At this point, Dr Lai turned to reflect on the challenges of scholarship for students from developing countries and even local scholars. For both, the lack of books and research materials is a persistent challenge for the development of our scholarship. Nonetheless, Dr Lai commended to all the examples of Augustine of Hippo and John Calvin, both of whom had a much smaller library than most of us, and no time for any scholarly pursuits. Rather, most of their writings and energies were channelled to the cause of the Church, in addressing pastoral problems or theological controversies. In this way, they have left an enduring legacy for the Church. Likewise, those of us who lament the lack of resources may hope in the Lord that He will develop and use us even in the midst of our constraints.

In conclusion, Dr Lai shared about his 'pilgrimage' or visit to C. S. Lewis' grave and house in Oxford. Lewis has always been his favorite author since reading the Chronicles of Narnia  and several of Lewis's apologetical treatises. It is Dr Lai's hope that each of us may find in Lewis a shining example of Christian scholarship, i.e., our writings, like those of Lewis will stir in our listeners a desire for God and His goodness, and motivate them towards a greater love for His kingdom that is to come.

Courses Commencing in Term 1 & 2, 2011-2012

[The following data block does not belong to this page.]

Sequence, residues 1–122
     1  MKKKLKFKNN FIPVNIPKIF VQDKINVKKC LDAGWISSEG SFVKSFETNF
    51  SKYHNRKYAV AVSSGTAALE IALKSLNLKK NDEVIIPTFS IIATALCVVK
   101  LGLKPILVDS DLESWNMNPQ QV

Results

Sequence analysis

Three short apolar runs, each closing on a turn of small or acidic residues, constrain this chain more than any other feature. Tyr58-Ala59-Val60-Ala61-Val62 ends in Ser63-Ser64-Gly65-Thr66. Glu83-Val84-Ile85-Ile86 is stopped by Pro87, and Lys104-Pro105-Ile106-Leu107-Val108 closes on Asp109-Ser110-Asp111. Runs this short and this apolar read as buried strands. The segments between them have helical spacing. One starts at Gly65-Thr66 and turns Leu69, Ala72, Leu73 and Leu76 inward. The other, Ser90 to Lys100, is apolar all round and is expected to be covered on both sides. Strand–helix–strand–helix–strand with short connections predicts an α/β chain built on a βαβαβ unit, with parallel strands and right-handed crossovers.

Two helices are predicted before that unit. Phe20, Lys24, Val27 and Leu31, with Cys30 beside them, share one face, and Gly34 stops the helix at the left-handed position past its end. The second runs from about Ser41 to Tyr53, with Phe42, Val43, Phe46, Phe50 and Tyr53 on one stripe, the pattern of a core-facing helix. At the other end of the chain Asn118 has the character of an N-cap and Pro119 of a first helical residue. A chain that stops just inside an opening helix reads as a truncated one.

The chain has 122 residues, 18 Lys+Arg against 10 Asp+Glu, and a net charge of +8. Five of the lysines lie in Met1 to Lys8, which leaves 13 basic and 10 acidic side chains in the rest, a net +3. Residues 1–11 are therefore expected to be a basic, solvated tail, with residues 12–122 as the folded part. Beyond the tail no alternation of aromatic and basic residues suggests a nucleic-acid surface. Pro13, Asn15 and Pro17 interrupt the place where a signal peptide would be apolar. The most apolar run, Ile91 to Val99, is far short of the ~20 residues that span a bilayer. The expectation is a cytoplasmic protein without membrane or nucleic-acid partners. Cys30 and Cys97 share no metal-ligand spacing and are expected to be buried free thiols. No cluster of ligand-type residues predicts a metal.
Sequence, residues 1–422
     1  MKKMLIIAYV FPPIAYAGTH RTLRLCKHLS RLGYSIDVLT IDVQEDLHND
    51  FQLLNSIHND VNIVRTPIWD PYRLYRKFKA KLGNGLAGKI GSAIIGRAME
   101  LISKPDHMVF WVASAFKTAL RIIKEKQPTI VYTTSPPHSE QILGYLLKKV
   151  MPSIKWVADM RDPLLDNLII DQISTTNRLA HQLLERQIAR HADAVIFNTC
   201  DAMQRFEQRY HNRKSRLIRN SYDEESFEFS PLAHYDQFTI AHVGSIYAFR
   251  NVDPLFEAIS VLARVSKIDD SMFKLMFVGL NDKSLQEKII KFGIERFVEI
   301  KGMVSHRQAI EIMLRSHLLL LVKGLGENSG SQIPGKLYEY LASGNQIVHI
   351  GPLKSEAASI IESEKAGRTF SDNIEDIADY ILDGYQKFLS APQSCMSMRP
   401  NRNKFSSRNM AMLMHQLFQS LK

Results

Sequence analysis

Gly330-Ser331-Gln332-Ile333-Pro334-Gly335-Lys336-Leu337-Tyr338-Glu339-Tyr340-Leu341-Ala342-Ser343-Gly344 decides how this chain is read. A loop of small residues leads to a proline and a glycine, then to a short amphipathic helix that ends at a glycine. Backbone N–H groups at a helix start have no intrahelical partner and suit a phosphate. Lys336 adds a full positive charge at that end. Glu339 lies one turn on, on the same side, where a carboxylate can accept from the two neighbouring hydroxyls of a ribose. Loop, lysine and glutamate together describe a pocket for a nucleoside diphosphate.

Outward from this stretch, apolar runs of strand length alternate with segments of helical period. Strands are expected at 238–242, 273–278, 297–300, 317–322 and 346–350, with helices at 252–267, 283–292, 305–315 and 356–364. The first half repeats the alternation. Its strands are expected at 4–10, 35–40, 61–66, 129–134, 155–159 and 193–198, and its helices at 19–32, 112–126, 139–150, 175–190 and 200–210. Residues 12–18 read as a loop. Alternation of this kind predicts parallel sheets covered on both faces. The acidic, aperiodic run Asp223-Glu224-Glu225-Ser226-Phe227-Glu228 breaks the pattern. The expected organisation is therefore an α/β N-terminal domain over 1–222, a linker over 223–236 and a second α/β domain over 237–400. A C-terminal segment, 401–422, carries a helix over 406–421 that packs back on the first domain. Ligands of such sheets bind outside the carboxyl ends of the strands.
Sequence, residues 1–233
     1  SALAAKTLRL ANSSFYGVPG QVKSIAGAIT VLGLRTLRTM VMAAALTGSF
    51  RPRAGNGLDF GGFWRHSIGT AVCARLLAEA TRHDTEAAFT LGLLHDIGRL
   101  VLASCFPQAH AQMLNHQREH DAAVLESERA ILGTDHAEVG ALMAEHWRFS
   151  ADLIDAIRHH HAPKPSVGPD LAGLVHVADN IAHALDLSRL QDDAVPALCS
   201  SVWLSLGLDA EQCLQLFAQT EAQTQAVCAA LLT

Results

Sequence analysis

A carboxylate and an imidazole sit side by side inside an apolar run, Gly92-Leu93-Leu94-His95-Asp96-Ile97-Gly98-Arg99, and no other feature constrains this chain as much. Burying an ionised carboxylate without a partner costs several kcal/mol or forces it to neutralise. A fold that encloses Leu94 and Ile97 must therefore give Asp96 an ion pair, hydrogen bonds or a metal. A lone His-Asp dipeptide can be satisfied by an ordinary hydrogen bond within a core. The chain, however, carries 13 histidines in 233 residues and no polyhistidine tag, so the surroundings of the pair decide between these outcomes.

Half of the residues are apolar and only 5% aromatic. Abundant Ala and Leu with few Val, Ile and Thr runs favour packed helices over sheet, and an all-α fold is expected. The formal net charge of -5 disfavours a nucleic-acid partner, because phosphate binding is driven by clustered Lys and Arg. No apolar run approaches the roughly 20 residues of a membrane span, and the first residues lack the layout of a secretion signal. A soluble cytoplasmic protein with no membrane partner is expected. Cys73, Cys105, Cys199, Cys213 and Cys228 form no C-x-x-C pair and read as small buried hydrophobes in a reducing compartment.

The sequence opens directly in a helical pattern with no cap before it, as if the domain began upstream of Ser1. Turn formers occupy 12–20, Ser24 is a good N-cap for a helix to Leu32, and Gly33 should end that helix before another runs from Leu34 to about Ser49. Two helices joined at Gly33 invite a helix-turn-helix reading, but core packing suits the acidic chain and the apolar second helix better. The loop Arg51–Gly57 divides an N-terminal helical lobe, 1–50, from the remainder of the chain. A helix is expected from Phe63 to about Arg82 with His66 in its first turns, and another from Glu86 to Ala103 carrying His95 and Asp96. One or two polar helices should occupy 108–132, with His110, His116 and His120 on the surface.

APPLIED THEOLOGY
Christian Biography (AT151, 1.5cr);
Dates & Time: Oct 7, 14, 21, 28, Nov 4; 7.15-10.15pm
Venue: Clarus Centre / Lecturer: Dr David Wong

Marketplace Theology (MM255, 1.5cr);
(Group Tutorial) by Prof Paul Stevens / Tutor: Mr Ben Pwee;
Dates & Time: Oct 20, 27; 7.15-9.45pm;
Venue: Clarus Centre

CHRISTIAN EDUCATION & SPIRITUAL FORMATION
*Scripture Recitation & Story Telling (ECF514, 1.5cr);
Dates & Time: Oct 7, 14, 21, 28, Nov 4; 7.15-10.15pm
Venue: Clarus Centre / Lecturer: Rev Ng Seng Chuan

Spiritual Retreat Experience: Nature, Purpose, Dynamics
(ECF504, 3cr);
Dates & Time: Oct 18, 25, Nov 1, 8, 15, 7.15-9.45pm;
Venue: Telok Ayer CMC
Lecturer: Mr John Chong Ser Choon;
Residential Retreat Nov 17-20 (Additional Cost)

THEOLOGICAL STUDIES
Theological Foundations I (TS211, 3cr);
Venue & Dates:

Time: 7.15-9.50pm;
Lecturer: Dr Edwin Tay

The Roots of Christianity: The Wisdom of the Church Fathers for the 21st Century (CH260/TS281, 3cr);
Venue & Dates:

Time: 7.15- 9.50pm;
Lecturer: Dr Lai Pak Wah

* Courses marked with an asterisk are not offered on audit basis.